This year, Murtabak Mami Murtabak Sultan started taking orders on Whatsapp and Facebook weeks before the Muslim fasting month began on April 23, as authorities across Southeast Asia called off Ramadan bazaars amid the coronavirus pandemic.
For 15 years, Siti Zabedah Abdul Wahab’s family food business has opened for one month a year, selling murtabak, a pan-fried bread stuffed with meat, at Malaysia’s popular Ramadan bazaars.
But this year, Murtabak Mami Murtabak Sultan started taking orders on Whatsapp and Facebook weeks before the Muslim fasting month began on April 23, as authorities across Southeast Asia called off Ramadan bazaars amid the coronavirus pandemic.
“This is the first time we are selling online, so we wanted to start early to make sure our customers can find us,” 38-year-old Siti Zabedah said.
Ramadan is traditionally a lucrative time for food vendors in Muslim-majority countries, with more people going out for late-night meals after breaking their fast at sunset.
But the global virus outbreak, with more than 2.6 million people infected, has led to widespread curbs.
Malaysian authorities have imposed a partial lockdown until mid-May and called off Ramadan bazaars. They are usually attended by packed crowds and feature hundreds of stalls selling food for iftar, or the fast-breaking meal.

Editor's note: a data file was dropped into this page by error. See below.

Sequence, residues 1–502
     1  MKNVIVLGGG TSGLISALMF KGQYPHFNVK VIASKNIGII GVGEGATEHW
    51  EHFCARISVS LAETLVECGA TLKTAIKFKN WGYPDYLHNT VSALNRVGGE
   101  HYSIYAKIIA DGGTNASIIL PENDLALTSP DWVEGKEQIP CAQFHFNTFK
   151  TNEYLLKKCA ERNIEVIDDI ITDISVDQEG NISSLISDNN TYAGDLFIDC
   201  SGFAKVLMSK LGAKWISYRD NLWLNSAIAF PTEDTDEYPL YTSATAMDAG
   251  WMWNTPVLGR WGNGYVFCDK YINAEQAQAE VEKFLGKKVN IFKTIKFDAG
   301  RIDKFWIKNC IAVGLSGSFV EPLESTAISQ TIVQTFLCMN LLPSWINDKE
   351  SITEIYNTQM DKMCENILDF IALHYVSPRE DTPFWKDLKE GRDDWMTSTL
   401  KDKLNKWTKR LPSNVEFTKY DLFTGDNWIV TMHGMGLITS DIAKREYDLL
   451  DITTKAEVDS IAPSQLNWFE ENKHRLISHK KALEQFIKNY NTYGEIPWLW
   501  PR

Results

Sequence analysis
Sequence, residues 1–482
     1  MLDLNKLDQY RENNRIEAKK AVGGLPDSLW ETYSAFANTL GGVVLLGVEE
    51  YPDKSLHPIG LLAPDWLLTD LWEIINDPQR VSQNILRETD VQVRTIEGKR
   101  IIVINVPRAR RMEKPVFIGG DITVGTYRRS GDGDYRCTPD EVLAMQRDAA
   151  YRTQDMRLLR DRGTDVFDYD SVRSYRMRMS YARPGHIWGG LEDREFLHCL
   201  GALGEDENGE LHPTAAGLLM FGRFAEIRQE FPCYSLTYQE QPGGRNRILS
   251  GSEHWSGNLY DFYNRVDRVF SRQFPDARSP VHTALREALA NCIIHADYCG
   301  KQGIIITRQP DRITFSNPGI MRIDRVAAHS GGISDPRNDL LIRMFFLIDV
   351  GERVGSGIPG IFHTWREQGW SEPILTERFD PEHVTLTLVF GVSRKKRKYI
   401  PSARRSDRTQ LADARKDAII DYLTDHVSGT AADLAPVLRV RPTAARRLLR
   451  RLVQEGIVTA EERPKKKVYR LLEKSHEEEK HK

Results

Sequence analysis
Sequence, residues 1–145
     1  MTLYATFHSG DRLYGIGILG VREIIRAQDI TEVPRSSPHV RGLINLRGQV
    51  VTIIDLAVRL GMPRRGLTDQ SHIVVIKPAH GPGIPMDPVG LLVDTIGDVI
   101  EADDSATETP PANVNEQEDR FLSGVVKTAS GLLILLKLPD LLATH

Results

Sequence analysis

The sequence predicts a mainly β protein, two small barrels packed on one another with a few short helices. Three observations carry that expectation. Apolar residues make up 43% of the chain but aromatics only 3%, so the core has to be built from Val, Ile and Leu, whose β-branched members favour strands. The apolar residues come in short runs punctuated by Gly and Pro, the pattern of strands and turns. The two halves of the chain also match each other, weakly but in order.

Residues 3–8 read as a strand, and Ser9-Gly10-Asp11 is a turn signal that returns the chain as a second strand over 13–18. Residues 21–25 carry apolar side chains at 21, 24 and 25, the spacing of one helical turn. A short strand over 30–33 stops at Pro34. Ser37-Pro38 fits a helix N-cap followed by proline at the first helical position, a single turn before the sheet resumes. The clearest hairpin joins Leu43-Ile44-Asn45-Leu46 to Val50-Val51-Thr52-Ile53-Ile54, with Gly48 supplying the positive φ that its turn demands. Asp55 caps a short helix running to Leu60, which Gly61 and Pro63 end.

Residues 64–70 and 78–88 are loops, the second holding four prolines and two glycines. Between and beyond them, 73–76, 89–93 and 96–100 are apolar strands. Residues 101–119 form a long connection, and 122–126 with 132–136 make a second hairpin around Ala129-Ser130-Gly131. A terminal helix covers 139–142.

The movement curbs have forced thousands of street hawkers and vendors to embrace digital platforms, mirroring a shift in neighbouring Indonesia, where roadside businesses enjoy a sizeable online presence.
“In Indonesia, you can order pretty much anything you want on an app,” said Rosli Sulaiman, president of the Malaysian Malay Hawkers and Small Traders Association.
“Here we have to do a bit more educating as most vendors are used to just being on the street. Going online or dealing with cashless transactions will be something new for them.”
Malaysian hawkers have been badly hit by the curbs, with estimated losses of about $11.4 million for some 100,000 traders.
To soften the impact, several companies have developed e-bazaar platforms to help Ramadan traders partner with delivery companies and reach more customers online.
“It’s going to be a steep learning curve but... we have no choice,” Rosli said.
Many small food businesses, however, prefer marketing directly to customers on social media as they do not earn enough profit to share with delivery firms.
Dozens of Ramadan bazaar groups have popped up on Facebook, where sellers can offer cash-on-delivery services to customers closest to them.
Virtual bazaars have also been set up in Singapore, which cancelled Ramadan markets last month.
The pandemic has heavily impacted observance of Ramadan, traditionally a month when Muslims spend most of their time with families and attend nightly mass prayers at mosques.